My poem Bird/Rose/Moon, which appears in the winter 2023 issue of Indianapolis Review, belongs to an ongoing project that responds to contemporary poems and ideas about poetry. The majority of poems in this project do so in a much less direct way than this one does. Bird/Rose/Moon started from my frustration with a fussy lists about what should or should not be included, and as I shaped these thoughts through repetition, it shifted into my frustration with the types of content that editors and and other gatekeepers say they value in poetry but, in fact, only value when that content also reflects certain biases and familiarities. This is similar to one of the main points made in Raye Hendrix, Alyssandra Tobin, Bethan Tyler, and KB Brookins’ panel at AWP, “Neuronasty: A Poetics”: that despite claims in the contemporary poetry world to want raw, experimental writing, the work of neurodivergent poets’ is often seen as going too far. The difference is that I see content that is not considered “too far” but, rather, simply not considered.
Today the Mariners swept their wildcard series to move on to the American League Division Series. The last time the Mariners made it to the postseason, I had just started my MFA at a college that would close a few years after I graduated. If I had understood accreditation as well as I do now, that might have been predictable to me; the playoff drought that would follow—twenty seasons without advancing—was less predictable given that the Mariners had tied the single season wins record. And they had the phenomenal rookie Ichiro Suzuki. When I moved to Japan after graduation, I spent my first year in the prefecture he was from. It created an instant path to connection when I met locals and said I was from Seattle.
Baseball gives us time outside of time—games measured in outs and innings instead of a clock. It makes nostalgia easy. I go back to 2001 and the years that followed, moving within Japan and then to New York and Zhengzhou and Belfast and here, to Majuro Atoll. I go back to 1995 when I was an early adopter of dual enrollment through the Running Start model. No one had really thought through the implications of having a fifteen-year old be essentially a full-time college student and I am grateful I was not limited by policies and safeguards that would later be imposed, though from my current perspective, I recognize the need for them. It was another time in my life I didn’t quite belong, and the Mariners provided a key to connection: the whole region believed in Refuse to Lose.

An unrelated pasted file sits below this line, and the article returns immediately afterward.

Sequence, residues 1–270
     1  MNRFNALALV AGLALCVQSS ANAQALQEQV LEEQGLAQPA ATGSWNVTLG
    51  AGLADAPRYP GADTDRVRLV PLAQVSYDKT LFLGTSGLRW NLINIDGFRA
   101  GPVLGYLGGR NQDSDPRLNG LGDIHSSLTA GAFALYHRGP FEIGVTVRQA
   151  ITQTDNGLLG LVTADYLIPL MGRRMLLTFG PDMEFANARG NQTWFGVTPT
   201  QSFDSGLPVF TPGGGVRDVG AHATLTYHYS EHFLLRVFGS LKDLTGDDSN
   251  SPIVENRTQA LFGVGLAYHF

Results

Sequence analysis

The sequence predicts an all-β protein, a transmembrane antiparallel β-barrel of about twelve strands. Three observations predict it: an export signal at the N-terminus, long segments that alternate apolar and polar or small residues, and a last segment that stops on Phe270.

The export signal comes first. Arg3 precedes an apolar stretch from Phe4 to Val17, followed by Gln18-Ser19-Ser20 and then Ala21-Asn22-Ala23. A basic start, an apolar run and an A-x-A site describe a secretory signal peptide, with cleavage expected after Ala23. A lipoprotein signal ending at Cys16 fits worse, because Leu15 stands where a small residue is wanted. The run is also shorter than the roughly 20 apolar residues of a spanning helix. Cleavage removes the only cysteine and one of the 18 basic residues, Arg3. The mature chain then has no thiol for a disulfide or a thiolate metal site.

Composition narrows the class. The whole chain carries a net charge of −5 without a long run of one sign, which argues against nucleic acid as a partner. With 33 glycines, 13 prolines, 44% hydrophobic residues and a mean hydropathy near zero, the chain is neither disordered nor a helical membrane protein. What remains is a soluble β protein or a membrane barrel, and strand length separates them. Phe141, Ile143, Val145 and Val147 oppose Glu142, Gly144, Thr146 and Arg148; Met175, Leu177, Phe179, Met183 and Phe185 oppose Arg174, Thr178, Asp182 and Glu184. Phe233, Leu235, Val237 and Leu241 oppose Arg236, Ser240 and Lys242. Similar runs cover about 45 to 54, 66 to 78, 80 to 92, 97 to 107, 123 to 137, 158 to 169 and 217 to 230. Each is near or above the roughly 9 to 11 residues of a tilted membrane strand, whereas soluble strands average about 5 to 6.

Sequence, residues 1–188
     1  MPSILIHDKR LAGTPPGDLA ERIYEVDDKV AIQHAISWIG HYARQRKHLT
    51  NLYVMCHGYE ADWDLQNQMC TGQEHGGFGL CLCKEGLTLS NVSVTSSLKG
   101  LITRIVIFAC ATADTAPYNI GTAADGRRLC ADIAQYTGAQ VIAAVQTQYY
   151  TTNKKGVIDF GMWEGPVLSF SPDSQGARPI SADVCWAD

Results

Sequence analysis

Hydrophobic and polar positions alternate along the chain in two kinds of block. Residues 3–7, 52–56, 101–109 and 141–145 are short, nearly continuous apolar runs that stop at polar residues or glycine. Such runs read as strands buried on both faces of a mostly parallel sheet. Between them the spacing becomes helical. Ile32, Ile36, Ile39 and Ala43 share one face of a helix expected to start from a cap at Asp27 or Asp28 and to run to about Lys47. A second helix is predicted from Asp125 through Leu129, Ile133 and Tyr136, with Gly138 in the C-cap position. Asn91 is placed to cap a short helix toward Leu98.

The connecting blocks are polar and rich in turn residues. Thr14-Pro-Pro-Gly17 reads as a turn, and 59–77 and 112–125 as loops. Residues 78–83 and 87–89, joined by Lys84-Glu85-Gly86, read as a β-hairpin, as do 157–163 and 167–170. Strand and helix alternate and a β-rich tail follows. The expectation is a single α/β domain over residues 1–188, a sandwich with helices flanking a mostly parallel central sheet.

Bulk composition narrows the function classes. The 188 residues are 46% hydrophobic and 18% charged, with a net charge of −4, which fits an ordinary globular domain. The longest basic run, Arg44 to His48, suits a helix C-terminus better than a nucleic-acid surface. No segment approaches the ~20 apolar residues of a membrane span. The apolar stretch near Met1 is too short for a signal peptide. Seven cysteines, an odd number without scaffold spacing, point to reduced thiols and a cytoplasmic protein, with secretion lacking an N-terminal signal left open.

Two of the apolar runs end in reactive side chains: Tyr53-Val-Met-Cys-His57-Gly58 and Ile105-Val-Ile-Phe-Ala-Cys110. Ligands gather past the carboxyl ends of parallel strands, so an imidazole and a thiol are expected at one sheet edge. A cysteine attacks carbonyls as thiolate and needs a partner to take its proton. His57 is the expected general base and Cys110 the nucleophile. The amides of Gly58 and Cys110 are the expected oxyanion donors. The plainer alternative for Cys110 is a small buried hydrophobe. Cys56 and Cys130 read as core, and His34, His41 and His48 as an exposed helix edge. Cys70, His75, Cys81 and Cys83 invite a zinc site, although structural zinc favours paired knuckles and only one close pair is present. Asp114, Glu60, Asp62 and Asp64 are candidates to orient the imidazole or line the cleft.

The timelessness of baseball links us to the past and gives us space to dream of the future. But in 2001, I had yet to imagine living and working overseas. In 2022, I am a vice president of a college in the middle of the Pacific. I published my third book (second collection of poetry) this year. The latter fulfills what I was always striving for; the former came about through a series of surprise opportunities.
For so many years, the Mariners came close to the postseason. Even after they reached 99.9% probability of making it, their finally clinching felt like a surprise. They made game 2 of their series against Toronto a surprise, coming back from an 8-1 deficit. Baseball is about winning in unexpected ways. And I am always looking for those unexpected chances in my own life.
What’s next? The season isn’t over.
My poem, Our Assorted Quarantines, about living on an island COVID-19 has not (yet) reached while friends and family around the world have to isolate themselves, was published as part of the Indolent Books’ online poetry project, What Rough Beast. Read the poem at: https://www.indolentbooks.com/what-rough-beast-covid-19-edition-05-26-20-elizabeth-kate-switaj/
In this, the final week of the year, Singapore-based Eunoia Review haspublished two of my short stories: Game Night and When the Typhoon Came. But what the stories themselves are based upon back further than 2017, back before I moved to Majuro atoll, before my years in Belfast, before China, to my years in Japan. 2004 to 2006.There are feelings I have from that era of my life that are more immediate than those from any other set of years. And yet that time feels more unreachable and distant than a decade and change can justify. It has felt that way since mere months after I left. Trauma will cleave.